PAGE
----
February 2021




JALBCA presented its 24th Annual Ellen P. Hermanson Memorial Symposium on December 9, 2020, entitled Legislating Genetic Testing: Is Knowledge Power? The program consisted of a mock legislative hearing that addressed whether our nation’s healthcare system can and should do more to empower Americans with knowledge about their genetic pre-disposition to cancer. The two-hour CLE program was presented via Zoom and consisted of a legislative panel and many testifying witnesses. The program was sponsored by The Ellen Hermanson Foundation and the bench and bar of the Southern District of New York. We enjoyed the benefit of two supporting organizations: SHARE and The Women’s Bar Association of the State of New York. The hard work of putting together this program was accomplished by three Co-Chairs, Desirée Ripo, Esq., Erika Stallings, Esq., and Virginia K. Trunkes, Esq., and Symposium Subcommittee members Amy D. Carlin, Esq., Hon. Barbara Jaffe, Sandra Lespinasse and Rian A. Silverman, Esq.

JALBCA Symposium Co-Chairs, Co-Chairs: Desirée Ripo, Esq., Erika Stallings, Esq., and Virginia K. Trunkes, Esq.

Co-Chairs: Desirée Ripo, Esq., Erika Stallings, Esq., and Virginia K. Trunkes, Esq.

The mock legislative panel was comprised of Hon. Barbara Jaffe (NYS Supreme Court, JALBCA Board member), Hon. Keith Powers (Member, New York City Council and Committee on Health), Hon. Alan D. Scheinkman (then-Presiding Justice, Appellate Division, Second Judicial Dep’t., JALBCA Board member) and Erika Stallings, Esq. (BRCA awareness advocate and attorney, Facebook Music). Each questioned the witnesses.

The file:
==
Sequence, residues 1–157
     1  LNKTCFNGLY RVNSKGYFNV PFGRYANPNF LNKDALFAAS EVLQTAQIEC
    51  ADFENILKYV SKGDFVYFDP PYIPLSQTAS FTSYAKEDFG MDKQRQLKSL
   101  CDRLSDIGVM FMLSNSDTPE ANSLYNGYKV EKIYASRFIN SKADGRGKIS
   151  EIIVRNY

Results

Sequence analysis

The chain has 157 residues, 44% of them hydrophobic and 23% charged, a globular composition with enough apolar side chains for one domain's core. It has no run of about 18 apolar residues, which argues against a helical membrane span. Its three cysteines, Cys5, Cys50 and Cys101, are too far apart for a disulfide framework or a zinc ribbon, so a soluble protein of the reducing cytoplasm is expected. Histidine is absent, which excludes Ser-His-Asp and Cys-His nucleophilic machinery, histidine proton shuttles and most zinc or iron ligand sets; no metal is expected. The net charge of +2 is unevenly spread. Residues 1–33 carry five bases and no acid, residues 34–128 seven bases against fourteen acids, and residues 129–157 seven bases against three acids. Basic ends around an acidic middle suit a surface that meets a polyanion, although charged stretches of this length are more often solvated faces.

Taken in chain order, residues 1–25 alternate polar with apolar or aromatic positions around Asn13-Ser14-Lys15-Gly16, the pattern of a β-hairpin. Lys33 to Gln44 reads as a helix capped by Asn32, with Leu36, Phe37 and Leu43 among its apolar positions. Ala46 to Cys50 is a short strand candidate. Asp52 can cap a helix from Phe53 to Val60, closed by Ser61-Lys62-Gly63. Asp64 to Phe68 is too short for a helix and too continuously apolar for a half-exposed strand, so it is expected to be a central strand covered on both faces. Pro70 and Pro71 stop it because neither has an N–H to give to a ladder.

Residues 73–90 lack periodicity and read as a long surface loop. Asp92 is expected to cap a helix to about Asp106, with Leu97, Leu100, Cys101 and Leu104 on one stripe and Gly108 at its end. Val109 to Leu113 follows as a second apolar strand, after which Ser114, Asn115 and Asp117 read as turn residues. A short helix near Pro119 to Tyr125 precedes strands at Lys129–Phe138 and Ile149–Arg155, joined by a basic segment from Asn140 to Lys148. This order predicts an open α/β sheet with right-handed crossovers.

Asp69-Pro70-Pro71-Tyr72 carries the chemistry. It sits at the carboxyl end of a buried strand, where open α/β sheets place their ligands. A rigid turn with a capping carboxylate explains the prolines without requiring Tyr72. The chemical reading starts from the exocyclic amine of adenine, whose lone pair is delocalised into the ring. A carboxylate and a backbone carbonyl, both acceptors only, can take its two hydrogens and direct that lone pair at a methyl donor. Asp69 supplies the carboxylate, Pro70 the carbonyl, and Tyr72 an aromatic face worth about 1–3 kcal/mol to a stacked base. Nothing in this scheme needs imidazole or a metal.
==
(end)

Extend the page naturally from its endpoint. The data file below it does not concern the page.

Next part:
The testifying witnesses at the mock legislative hearing included:

  • Patrick J. Burke, Esq., Partner, Chair of Data Technology & Cybersecurity Group, Phillips Nizer LLP
  • Kristen C. Kim, Esq., Associate General Counsel, Chief Regulatory Counsel, Memorial Sloan Kettering Cancer Center
  • Anya Prince, MPP, JD, Associate Professor of Law, Iowa College of Law, and Member of the University of Iowa Genetics Cluster
  • Kathryn M. Rattigan, Esq., Robinson & Cole LLP’s Data Privacy & Cybersecurity Team and Business Litigation Group
  • Lisa A. Schlager, Vice President of Public Policy, FORCE (Facing Our Risk of Cancer Empowered)
  • Julia A. Smith, MD, PhD, NYU Langone Perlmutter Cancer Center, Assistant Clinical Professor, Department of Medicine at NYU Grossman School of Medicine
  • Fran Visco, JD, President, National Breast Cancer Coalition
Witnesses Symposisum 2020

The focus of the mock hearing was a hypothetical bill (the HEART Act), which, if enacted, would fund genetic testing and require primary care providers and obstetrician-gynecologists to include genetic testing for the BRCA1 and BRCA2 genes as part of annual checkups/physicals of young (ages 15-39) women, offering patients the option to opt out. The objectives of the proposed bill would be to increase awareness of the risks of breast and ovarian cancer in young women and enable them to make informed decisions before facing a crisis. The sample bill was discussed in light of existing laws, which primarily included the following: